Issue Date: August 4, 2008
LAST MONTH, when Dow Chemical announced it would acquire specialty chemical maker Rohm and Haas for nearly $19 billion, Dow Chief Executive Officer Andrew N. Liveris said one of the important attributes Rohm and Haas would bring to the firm is "a strong market-facing culture," a culture particularly adept at understanding the point of view, and therefore the needs, of its customer base. Dow is counting on Carol Dudley, corporate vice president for Dow's market facing, business development and licensing portfolio, to help lead this cultural transformation at Dow.
"The Rohm and Haas acquisition matches our strategy," Dudley explains. "They are wonderful at being connected to the marketplace and will help us drive into the specialty space. I will participate as we frame what Rohm and Haas should look like within Dow."
So far, Dudley notes, Dow already has plans to take advantage of Rohm and Haas's well-known strength in the paint business. For instance, Dow will transfer marketing responsibilities for its portfolio of coatings materials to what will become its Rohm and Haas subsidiary, "because they have strong customer and market-facing activities" in architectural and industrial paint. The transfer will combine Dow's strength in epoxy and urethane polymers, for instance, with Rohm and Haas's strength in acrylic resins, Dudley says. Dow biocides and personal care materials will transfer to Rohm and Haas as well.
Dudley got the job of looking for value-creating opportunities in 2007 as Dow sought to deemphasize its commodity businesses and accelerate the buildup of performance chemical offerings. Dow must succeed in this effort if it is to continue to grow and earn consistent profits, she says. Her job includes oversight of businesses focused on the markets of building products, automotive materials, water treatment, and footwear.
The rationale behind the market-facing businesses, Dudley says, is to become "product agnostic." By that she means Dow "does not want to focus on specific chemical products," but instead wants to draw on products and technologies both inside and outside Dow that are best suited to meet customer needs.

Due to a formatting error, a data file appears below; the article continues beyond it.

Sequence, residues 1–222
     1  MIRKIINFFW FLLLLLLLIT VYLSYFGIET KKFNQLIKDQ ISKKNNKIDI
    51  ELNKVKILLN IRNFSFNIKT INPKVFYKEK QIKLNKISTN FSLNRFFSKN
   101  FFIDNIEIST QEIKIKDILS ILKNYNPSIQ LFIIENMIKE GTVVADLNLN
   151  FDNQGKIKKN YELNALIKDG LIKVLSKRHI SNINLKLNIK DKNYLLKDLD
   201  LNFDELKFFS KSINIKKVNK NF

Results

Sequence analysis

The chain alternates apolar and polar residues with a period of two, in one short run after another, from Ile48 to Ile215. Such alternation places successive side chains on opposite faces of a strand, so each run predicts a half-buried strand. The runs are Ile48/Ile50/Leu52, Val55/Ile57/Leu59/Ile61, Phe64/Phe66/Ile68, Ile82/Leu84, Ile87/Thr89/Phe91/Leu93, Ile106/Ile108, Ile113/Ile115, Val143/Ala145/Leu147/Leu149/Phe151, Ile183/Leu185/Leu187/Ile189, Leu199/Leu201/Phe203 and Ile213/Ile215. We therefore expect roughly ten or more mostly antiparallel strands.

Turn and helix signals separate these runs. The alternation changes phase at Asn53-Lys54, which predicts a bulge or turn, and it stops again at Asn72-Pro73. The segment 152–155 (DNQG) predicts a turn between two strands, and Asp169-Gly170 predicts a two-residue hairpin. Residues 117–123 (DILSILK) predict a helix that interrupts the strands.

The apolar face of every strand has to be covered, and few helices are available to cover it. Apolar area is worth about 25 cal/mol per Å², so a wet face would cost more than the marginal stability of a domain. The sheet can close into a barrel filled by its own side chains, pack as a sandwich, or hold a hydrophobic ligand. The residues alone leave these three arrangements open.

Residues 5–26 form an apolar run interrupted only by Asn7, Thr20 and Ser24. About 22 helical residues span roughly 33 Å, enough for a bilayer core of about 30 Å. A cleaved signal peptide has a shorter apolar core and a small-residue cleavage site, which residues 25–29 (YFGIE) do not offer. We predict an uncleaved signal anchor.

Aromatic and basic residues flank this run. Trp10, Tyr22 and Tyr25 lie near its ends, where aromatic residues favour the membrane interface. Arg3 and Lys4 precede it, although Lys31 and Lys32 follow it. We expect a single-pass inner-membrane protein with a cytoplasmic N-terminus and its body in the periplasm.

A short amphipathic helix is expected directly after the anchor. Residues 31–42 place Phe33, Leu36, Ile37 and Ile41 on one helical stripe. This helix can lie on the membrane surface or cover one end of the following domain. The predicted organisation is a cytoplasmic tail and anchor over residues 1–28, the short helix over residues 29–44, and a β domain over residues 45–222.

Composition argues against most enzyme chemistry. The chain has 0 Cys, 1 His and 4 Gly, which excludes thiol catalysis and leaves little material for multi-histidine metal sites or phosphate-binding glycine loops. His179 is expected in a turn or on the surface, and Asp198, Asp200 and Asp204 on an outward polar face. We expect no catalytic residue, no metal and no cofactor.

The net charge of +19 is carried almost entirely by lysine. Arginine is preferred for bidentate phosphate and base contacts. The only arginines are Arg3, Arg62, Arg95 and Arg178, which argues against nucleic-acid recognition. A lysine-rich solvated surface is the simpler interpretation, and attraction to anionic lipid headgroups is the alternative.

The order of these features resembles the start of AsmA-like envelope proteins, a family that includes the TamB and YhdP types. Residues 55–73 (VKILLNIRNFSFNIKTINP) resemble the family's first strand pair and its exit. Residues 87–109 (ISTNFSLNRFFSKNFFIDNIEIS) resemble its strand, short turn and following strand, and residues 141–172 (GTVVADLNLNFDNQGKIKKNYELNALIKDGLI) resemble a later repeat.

For instance, seeking to serve the auto safety market, Dow developed new polyurethane foams to absorb impact energy and protect car occupants in a crash. Earlier this year, Dudley notes, Dow's Impaxx foams helped NASCAR driver Michael McDowell walk away unharmed after his car hit the wall at 200 mph and rolled over eight times at the Texas Motor Speedway.
In the building products arena, Dow has developed a new do-it-yourself alternative to the "itchy" fiberglass batting homeowners frequently use to insulate their homes, Dudley says. Based on the soft-drink-bottle polymer polyethylene terephthalate, the itchless insulation is being test-marketed at Lowe's home improvement stores. The insulation performs just like fiberglass and can be made from recycled bottles diverted from landfills, she points out.
"What I like about my current job," Dudley says, "is that I can take my technology and business skills and use them to frame business models that make money for Dow."
Dudley has a B.S. degree in chemical engineering from Carnegie Mellon University and an executive M.B.A. from Indiana University. She started out as an engineer with Dow in 1980 at the Granville Research Center in Ohio where, she jokes, "it was fun to tell people I worked in film"—plastic film, that is. She has navigated more than 10 positions through her 28 years at Dow, moving seven times to locations in Louisiana, Michigan, and Texas.
ALONG THE WAY, Dudley held a variety of technical and business jobs. She served a stint working on the development of styrene butadiene/isoprene block copolymers as part of a Dow partnership with Exxon. She was also a director of Dow's analytical science lab; a global R&D director for epoxy products and intermediates; and an R&D vice president for hydrocarbons, chemicals, and intermediates. Her business positions have included vice president for chlor-alkali assets and vice president of global purchasing.
Dudley says her training as a chemical engineer and scientist taught her how to break down complex problems and solve them. She brings that discipline to working out business models or negotiating with customers and has used her training and experience to mentor others at Dow.
Within Dow, Dudley is an executive leader for the women's diversity network, a global initiative to help women succeed in their jobs. She has shared with the women's group her own challenges in meeting the demands of her job while raising her two daughters. She acknowledges that she has met some people in the business world who are not sympathetic to women in the workplace.
As Dudley sees it, the time she has available for business and family are slices of a pie. Success, she says, is "all in how you slice the pie."
Dow needs a diversity of people if it is to succeed as a consistently profitable maker of performance products, Dudley notes. Bringing Rohm and Haas into the Dow family is one big step in that effort. But Dudley knows she also needs to focus people at Dow on the many small steps the firm must take if it is to face all its markets successfully.
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